At the same time, they kept experimenting with form and approach. While some in the press still considered them drone-conservatives, Celer were, on the contrary, tireless experimenters in terms of their methodology: „Necrous clouds“ was created by synchronising the music to the movement of clouds and for „The Delay of Intolerance“, the Leitmotif of ascending and descending a mountain inspired the composition. While conceptualising „Neon“, they devised an even more intricate technique: „The Loops were repeated and manipulated according to time changes synced to the brightness and colours of neon lights, controlled by voltage input manually, and the sound through 2 laptops, with a single stereo output“, the liner notes revealed. The resulting music was serene, serious, harmonious and of a heavenly airiness. Simultaneously, they actively sought for stimulating collaborations, encouraging and inviting  different points of view. „Mesoscaphe“ (Spekk), a joint project with Canadian Sound Artist Mathieu Ruhlmann, was a first glimpse at where this could have taken them: Based on in-situ tapings of the Ben Franklin Mesoscaphe (a self-sustaining type of Submarine, which completed an all-but forgotten but historically seminal maiden voyage of 2500 miles in 1969) and the ocean, Ruhlmann's field recordings add a crisp and crackling layer of dust to Celer's all but immobile pads, at times attaining musical character. The general tone is sonambul, withdrawn and inward-gazing, but it is also a cooly erotic maelstrom of feminine and masculine energy – to Dani, it only seemed natural that a steely machine penetrating the womb of the water should offer up phallic associations straight away.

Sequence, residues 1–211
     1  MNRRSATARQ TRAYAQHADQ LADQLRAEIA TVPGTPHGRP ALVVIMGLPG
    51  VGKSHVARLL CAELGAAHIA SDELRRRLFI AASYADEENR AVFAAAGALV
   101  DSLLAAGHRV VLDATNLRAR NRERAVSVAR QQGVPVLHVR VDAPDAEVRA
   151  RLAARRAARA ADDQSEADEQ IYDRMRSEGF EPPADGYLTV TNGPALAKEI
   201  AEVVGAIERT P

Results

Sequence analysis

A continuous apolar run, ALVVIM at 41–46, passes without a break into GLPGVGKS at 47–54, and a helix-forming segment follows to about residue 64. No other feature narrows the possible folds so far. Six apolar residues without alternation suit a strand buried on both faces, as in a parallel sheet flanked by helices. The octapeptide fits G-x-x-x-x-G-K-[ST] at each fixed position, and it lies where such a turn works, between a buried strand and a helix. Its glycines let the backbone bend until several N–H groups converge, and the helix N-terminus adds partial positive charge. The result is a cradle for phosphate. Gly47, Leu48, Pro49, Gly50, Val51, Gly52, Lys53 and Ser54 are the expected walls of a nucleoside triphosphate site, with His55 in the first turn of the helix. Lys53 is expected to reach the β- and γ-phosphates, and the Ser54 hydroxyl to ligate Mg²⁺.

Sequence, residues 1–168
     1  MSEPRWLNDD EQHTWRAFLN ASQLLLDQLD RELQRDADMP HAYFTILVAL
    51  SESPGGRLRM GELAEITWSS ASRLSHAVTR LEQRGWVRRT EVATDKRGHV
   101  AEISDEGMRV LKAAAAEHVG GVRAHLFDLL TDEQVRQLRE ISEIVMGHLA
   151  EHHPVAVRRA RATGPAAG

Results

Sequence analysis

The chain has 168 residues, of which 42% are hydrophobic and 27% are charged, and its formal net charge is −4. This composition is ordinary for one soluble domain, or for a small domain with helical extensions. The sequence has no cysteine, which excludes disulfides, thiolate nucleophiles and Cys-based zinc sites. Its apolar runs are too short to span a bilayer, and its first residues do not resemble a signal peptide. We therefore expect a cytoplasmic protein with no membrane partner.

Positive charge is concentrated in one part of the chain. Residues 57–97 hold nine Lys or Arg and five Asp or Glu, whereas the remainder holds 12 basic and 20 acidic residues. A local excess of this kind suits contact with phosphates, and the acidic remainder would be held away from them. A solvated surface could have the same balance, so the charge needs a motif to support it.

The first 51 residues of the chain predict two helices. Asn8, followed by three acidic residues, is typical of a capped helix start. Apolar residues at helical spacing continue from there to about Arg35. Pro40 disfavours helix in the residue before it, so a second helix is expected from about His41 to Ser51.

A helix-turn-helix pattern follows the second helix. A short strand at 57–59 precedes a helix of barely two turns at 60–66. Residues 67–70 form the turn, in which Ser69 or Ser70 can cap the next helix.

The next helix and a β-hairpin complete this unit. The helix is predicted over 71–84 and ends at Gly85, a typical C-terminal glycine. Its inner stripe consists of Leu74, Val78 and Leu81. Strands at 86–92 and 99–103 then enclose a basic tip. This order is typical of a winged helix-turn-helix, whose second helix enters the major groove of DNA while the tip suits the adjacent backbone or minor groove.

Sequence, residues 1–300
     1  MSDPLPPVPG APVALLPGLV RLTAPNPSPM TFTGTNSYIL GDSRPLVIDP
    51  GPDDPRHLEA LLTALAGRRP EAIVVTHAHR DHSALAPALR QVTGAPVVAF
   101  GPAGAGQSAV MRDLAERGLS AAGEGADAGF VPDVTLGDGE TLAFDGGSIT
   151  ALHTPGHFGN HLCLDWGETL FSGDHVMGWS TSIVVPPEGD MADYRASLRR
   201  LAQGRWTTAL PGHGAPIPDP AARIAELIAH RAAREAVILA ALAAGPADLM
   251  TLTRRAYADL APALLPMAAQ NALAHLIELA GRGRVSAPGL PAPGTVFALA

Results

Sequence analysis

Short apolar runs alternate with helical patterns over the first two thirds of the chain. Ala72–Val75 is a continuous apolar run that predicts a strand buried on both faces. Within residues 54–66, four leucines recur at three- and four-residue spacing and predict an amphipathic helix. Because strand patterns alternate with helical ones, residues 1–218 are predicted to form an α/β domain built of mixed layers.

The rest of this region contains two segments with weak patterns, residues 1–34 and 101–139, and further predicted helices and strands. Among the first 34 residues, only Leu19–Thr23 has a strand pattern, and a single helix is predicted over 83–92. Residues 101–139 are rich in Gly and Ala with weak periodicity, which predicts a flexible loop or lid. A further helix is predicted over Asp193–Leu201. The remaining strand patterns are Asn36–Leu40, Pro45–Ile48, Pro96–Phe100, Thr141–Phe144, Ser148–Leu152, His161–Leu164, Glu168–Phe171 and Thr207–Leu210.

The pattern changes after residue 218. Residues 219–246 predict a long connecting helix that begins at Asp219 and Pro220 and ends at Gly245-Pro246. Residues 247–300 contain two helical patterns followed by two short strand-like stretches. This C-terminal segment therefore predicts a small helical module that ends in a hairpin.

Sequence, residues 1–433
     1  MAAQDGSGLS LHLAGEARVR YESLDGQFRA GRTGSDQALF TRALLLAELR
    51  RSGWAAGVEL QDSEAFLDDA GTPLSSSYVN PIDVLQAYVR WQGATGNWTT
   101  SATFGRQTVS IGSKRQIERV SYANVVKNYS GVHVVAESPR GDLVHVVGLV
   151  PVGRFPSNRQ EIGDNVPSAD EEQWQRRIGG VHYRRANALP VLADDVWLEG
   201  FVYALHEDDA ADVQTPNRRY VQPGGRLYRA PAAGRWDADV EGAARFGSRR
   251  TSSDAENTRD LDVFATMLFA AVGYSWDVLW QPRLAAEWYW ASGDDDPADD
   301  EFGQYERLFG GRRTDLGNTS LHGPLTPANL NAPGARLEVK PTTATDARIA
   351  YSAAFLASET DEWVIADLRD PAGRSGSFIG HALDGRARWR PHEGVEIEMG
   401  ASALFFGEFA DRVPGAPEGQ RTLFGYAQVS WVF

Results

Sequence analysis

Danielle also sought for further inspiration within herself, creating the Chubby Wolf persona as a sidethought to Celer. Just like freeing a butterfly from a golden cage it released a cosmos of pure, pristine and crystalline outlines. „L'histoire“ (Gears of Sand) was welcomed as a heartwarming addition to the catalogue and an interesting insight to the division of labour within Celer – even though the mechanical idea of thinking of their music as a mathematical sum of talents does not  take into account the inherent indivisibility of the process at the heart of the project. At the same time, the couple had left the security of their nest and started distributing and disseminating their work through some of the most respected labels on the scene. Nascent Japanese company Slow Flow made a start by releasing „Cursory Asperses“ and  shortly after, the floodgates opened for real, with Celer-albums appearing on Mystery Sea, AND/OAR and Spekk separated only by a few months. Communicating with the heads of these outfits proved to be a further source of replenishing input, as did several collaborations with artists from the drone- and ambient-scene.